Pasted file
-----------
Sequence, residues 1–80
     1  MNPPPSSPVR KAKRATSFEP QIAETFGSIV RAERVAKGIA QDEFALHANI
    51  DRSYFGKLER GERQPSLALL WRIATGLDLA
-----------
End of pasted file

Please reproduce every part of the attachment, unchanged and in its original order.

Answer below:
Sequence, residues 1–80
     1  MNPPPSSPVR KAKRATSFEP QIAETFGSIV RAERVAKGIA QDEFALHANI
    51  DRSYFGKLER GERQPSLALL WRIATGLDLA